In the June 2013 issue (#204) of Popular Woodworking Magazine I wrote about Wharton Esherick (read the article here) and got a bunch of e-mails regarding some of the pieces pictured in the article. One piece in particular seemed to garner more attention than the others, however. Wharton’s three-legged stools evidently were not only popular with his patrons, but with magazine’s readers as well.
The funny thing about getting requests for an article on how to make Esherick’s stools is that no two are the same. He made them from figured scraps of wood lying about the workshop. Esherick would sculpt the seats and shop apprentices would make the turnings and do the joinery (he loved sculpting and hated joinery).
The stools were a small project that could be done singularly, or in batches, as time permitted. He sold them relatively inexpensively which helped with cash flow for his studio. The designs were all very similar, incorporating all the same elements, but the final size was dictated by whatever shape the seat ended up.
Fast forward to a couple of weeks ago when Chris Wong’s (flairwoodworks.com) Shop Stool Build-off contest came to a close and he announced the winners (see them here.) I immediately got an e-mail letting me know the overall winner was a stool inspired by the article on Wharton Esherick.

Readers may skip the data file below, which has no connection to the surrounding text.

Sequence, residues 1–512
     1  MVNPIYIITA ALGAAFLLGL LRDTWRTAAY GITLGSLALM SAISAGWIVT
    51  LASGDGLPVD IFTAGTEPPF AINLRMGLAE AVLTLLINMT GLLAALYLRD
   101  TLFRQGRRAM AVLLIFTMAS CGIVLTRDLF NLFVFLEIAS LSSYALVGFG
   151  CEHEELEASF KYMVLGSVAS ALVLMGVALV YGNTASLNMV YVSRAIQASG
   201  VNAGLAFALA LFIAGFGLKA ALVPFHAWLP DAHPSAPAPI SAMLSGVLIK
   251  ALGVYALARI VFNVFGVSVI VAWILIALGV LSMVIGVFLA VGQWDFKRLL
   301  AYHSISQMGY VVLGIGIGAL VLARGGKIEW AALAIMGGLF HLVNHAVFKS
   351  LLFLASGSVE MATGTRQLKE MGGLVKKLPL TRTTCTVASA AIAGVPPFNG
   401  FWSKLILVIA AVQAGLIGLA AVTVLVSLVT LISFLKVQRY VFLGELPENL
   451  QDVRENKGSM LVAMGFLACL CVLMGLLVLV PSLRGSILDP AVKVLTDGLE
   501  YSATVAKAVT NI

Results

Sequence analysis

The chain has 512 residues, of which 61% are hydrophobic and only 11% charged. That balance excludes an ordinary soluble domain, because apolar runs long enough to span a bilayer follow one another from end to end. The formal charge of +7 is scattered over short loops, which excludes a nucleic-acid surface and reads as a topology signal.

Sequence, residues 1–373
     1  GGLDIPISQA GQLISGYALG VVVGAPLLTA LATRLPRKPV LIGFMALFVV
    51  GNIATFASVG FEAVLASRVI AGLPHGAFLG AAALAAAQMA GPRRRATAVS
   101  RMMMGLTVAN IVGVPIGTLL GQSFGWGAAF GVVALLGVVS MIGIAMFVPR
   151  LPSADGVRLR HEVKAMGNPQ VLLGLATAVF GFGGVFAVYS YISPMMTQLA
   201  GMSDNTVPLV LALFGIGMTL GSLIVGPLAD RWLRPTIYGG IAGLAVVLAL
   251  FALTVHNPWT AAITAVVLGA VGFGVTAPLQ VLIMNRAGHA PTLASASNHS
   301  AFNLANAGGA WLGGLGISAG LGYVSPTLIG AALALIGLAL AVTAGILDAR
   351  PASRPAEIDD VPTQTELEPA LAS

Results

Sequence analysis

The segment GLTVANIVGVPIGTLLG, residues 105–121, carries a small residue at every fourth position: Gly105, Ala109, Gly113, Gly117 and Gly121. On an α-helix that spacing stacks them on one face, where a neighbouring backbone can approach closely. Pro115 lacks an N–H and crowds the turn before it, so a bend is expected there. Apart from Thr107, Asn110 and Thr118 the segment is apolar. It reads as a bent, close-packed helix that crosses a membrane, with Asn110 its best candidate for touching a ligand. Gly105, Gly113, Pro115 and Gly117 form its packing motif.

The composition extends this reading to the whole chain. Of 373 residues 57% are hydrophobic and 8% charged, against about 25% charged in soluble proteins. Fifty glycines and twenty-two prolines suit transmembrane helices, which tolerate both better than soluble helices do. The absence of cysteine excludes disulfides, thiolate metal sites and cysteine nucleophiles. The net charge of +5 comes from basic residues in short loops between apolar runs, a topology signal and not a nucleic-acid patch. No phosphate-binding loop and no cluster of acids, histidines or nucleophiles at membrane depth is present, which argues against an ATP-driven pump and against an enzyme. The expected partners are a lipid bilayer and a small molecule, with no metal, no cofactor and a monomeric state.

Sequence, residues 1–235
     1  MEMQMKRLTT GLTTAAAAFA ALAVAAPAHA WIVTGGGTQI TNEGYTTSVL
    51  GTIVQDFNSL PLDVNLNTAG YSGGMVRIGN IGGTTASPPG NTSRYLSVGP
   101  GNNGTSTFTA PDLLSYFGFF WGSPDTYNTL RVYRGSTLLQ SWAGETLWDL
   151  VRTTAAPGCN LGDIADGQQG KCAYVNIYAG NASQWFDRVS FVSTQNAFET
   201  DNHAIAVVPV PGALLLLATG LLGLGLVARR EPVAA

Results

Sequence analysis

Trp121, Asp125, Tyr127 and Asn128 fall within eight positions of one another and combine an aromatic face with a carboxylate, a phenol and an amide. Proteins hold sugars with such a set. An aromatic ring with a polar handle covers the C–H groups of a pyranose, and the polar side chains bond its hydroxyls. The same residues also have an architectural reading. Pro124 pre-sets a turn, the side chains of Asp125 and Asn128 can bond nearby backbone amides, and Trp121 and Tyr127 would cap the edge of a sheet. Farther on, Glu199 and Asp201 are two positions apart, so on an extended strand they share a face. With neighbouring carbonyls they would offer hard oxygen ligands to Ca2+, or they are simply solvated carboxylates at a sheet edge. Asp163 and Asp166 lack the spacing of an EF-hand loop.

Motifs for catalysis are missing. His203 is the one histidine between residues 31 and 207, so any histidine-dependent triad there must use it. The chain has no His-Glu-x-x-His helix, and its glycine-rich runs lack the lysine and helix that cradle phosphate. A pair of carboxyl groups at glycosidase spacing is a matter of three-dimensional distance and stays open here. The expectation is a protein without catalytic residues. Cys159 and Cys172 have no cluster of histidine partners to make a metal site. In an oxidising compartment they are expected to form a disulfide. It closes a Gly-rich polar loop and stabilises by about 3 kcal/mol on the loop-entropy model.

As soon as I looked at the stool I was sure I knew the chair that had inspired the contest’s overall winner, Neil Cronk. Esherick had purchased the contents of a wheelwright’s shop not far from his studio. The wheelwright had gone out of business and had plenty of steam bendings in inventory at the time. Not wanting to see the material go to waste, he proceeded to turn them into many different items. One of the most renowned is the wagon-wheel chair.
I sent a note to Neil congratulating him on his stool and asked if the wagon-wheel chair was indeed his inspiration. His reply was a bit of a surprise as he informed me that his stool was inspired by the chairs Esherick had in his dining room. Immediately I pulled up a picture of the’s hammer-handle chairs and saw how they influenced Neil’s stool. In similar fashion to his wagon-wheel chairs, Esherick had purchased several barrels of hammer handles. In his typical style, he turned them into something useful; chairs.
Evidently Neil had so much fun participating in Chris’s contest, he’s putting one of his own together on coffee tables. You can find out more about Neil Cronk, and his upcoming contest, on his Twitter feed @CronkwrightShop
The strangest part of this whole tail is, I just wrapped up a project that is inspired by Esherick for the upcoming June issue. For more details on that, you’ll just have to wait a bit.